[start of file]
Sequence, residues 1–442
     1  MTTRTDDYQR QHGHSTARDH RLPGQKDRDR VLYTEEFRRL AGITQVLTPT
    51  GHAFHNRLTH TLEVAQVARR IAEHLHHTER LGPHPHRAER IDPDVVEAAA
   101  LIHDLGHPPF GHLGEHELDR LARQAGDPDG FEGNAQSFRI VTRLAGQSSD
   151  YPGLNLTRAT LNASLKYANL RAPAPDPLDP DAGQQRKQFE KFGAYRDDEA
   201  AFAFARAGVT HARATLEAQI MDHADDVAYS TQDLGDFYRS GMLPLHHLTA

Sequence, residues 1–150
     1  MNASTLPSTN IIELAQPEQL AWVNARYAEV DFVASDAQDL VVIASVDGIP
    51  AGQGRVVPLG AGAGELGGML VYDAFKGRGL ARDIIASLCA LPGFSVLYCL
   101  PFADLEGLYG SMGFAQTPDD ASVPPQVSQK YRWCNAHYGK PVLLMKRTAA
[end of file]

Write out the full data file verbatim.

Sequence, residues 1–442
     1  MTTRTDDYQR QHGHSTARDH RLPGQKDRDR VLYTEEFRRL AGITQVLTPT
    51  GHAFHNRLTH TLEVAQVARR IAEHLHHTER LGPHPHRAER IDPDVVEAAA
   101  LIHDLGHPPF GHLGEHELDR LARQAGDPDG FEGNAQSFRI VTRLAGQSSD
   151  YPGLNLTRAT LNASLKYANL RAPAPDPLDP DAGQQRKQFE KFGAYRDDEA
   201  AFAFARAGVT HARATLEAQI MDHADDVAYS TQDLGDFYRS GMLPLHHLTA

Sequence, residues 1–150
     1  MNASTLPSTN IIELAQPEQL AWVNARYAEV DFVASDAQDL VVIASVDGIP
    51  AGQGRVVPLG AGAGELGGML VYDAFKGRGL ARDIIASLCA LPGFSVLYCL
   101  PFADLEGLYG SMGFAQTPDD ASVPPQVSQK YRWCNAHYGK PVLLMKRTAA